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5 songs guitarists need to hear by… Steve Ray Vaughan

SRV
(Image credit: Paul Natkin/WireImage)

It’s now 30 years since his tragic passing in 1990, but the power to move and astound in equal measure that infused Stevie Ray Vaughan’s playing remains undiminished. Of his contemporaries, only Eddie Van Halen caused a comparable shockwave when he redefined guitar’s vocabulary a few years prior to SRV’s Albert King-inspired licks lighting up Bowie’s Let’s Dance record; certainly no guitarist since has proved to be as gamechanging.

Stevie Ray’s recording career was cruelly cut short, and he only released four studio albums and a live set with his band Double Trouble during his time. Thankfully, all of them offer guitar masterclasses in different ways, and while they chart his evolution from barroom prodigy to fully fledged member of six-string royalty, they also show him refining but never ever losing the fearsome physicality, musicality and commitment that, even to this day, still sets him comfortably apart from the legion of imitators that sprung up in his wake.

So if you haven’t already, tune down to E♭, stick some heavy strings on your Strat and turn up loud for our pick of five essential tracks, each revealing a different side of the Lone Star State’s all-time king of the slingers

1. Rude Mood (Texas Flood, 1983)

SRV had plenty of party-piece instrumentals, among them gems such as Wham!, Scuttle Buttin’ and Say What!. But this is the ultimate introduction: a metronomic tour de force alternating a rumbling rhythmic refrain on the low strings with supercharged upper-register breaks, where chunky doublestops and fluid lead intermingle with superhuman finesse and precision.

 

Rude Mood mixes country, rock ’n’ roll, blues, major and minor pentatonics and rhythm and lead into one irresistible one-take juggernaut of technique, which also encapsulates nods to many of his own formative guitar influences in its licks – among them Lightnin’ Hopkins, Eric Clapton, the three Kings, Lonnie Mack and his brother Jimmie, to name but a few.


2. Lenny (Texas Flood, 1983)

Along with his stunning instrumental cover of Hendrix’s Little Wing, Lenny – an instrumental tribute to his wife Lenora – is a tender exploration of the sonic possibilities of the clean Strat sound in a master’s hands. 

The 6 and maj13 chords in its intro, swathed in vibrato, set the scene for SRV to stretch out in his solos which, when they come, extend beyond the boundaries of his Texas blues vocabulary, inflecting his breaks with the jazz influences he’d fully assimilated by the time of 1991’s spiritual successor, Riviera Paradise.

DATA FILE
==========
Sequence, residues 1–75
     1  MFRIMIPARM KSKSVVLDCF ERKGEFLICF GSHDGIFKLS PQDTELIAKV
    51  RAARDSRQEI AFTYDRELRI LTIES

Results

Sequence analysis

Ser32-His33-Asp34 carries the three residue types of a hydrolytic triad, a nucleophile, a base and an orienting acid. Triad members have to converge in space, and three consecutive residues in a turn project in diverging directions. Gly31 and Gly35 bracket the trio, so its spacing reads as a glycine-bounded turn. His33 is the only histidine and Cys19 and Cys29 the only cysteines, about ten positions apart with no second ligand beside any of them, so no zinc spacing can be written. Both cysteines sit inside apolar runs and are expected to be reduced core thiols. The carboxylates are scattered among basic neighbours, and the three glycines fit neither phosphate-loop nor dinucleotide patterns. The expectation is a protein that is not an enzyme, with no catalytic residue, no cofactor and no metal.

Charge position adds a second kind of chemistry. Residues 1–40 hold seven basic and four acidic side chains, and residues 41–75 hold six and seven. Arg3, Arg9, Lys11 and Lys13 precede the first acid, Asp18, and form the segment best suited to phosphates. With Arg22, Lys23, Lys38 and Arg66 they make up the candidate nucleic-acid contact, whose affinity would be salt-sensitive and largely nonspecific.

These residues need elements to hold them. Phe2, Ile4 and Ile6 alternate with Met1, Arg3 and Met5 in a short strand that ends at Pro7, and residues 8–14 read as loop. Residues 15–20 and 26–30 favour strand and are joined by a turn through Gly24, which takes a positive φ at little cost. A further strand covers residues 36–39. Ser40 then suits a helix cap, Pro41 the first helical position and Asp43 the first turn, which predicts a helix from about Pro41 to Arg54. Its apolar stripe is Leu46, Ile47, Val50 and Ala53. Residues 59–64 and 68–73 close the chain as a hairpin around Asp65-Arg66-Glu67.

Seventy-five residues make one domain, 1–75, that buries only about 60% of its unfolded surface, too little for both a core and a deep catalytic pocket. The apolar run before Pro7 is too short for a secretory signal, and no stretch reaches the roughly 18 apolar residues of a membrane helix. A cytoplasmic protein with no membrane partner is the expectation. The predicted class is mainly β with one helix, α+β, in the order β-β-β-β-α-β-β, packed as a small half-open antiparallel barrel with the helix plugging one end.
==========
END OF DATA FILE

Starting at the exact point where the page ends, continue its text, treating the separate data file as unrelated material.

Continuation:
The 1983 concert version on Live At El Mocambo, where he plays the song using the Strat bought for him by his muse, is required viewing for SRV aficionados.


3. Texas Flood (Texas Flood, 1983)

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(Image credit: Clayton Call / Getty)

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This dark-and-stormy downtempo blues written by Joe Scott and Larry Davis in 1958 became SRV’s signature song. Like his idol Hendrix before him, the slow-blues backdrop always enabled Stevie Ray to pull out all the stops, and he varied his approach to the form during his career, ranging from the minor-key filmic, Buddy Guy-esque licks of Tin Pan Alley to the relentless assault of The Things (That) I Used To Do.

But Texas Flood, with its pinched notes, its crying bends, its pneumatic doublestops, its stinging vibrato, use of whammy bar and more besides, perfectly showcased the expressiveness and muscularity of Stevie Ray’s technique, refreshing the old-as-time format of the slow blues for a new generation of players into the bargain. 


4. Couldn’t Stand The Weather (Couldn’t Stand The Weather, 1984)

Regrettably, SRV didn’t return nearly often enough to the territory marked out by this oddity in his catalogue: it’s a Frankenstein’s monster of a song, mixing r’n’b-style breakdowns with funk-influenced rhythm parts and even features his brother Jimmie on rhythm guitar. 

Its hyperactive Nile Rodgers-esque chordal licks may steal the spotlight, but the song also features one of his most memorable solo sections, providing a rare glimpse of SRV shapeshifting his style to suit non-blues chord progressions.

Similar to when he startled the guitar world on Bowie’s Let’s Dance, the guitar solos here are molten eruptions of sustained Albert King-inspired bends, cascading pentatonic runs and channelled aggression. 

Shaking the neck with bursts of powerful vibrato, SRV expertly modifies his tone and attack to suit the song’s shifting dynamics and uses a Roland Dimension D chorus unit for subtle phase-shifting.


5. Tightrope (In Step, 1989)

SRV had severe and long-standing issues with substance abuse, but he’d fully cleaned up and was in recovery when he recorded 1989’s In Step, his final Double Trouble studio album (although he did manage to record the Nile Rodgers-produced Family Style with his brother before his tragic death).

Returning to the studio with a Wall Of Doom consisting of 32 amps and a clearer head than ever before, he worried whether, now sober, he could still somehow summon the fire and intensity he’d conjured when fuelled by cocaine and Old Crown whiskey, the one often dissolved in the other.

He needn’t have worried. The slick, memorable guitar solos on this song alone (unusually, backed by rhythm guitar) – their push-and-pull with tempo, their snarling bursts of crackling technical virtuosity, their sheer inventiveness and intensity – sealed the deal, proving the sober SRV was, if anything, a much more creative and expressive guitarist than ever before.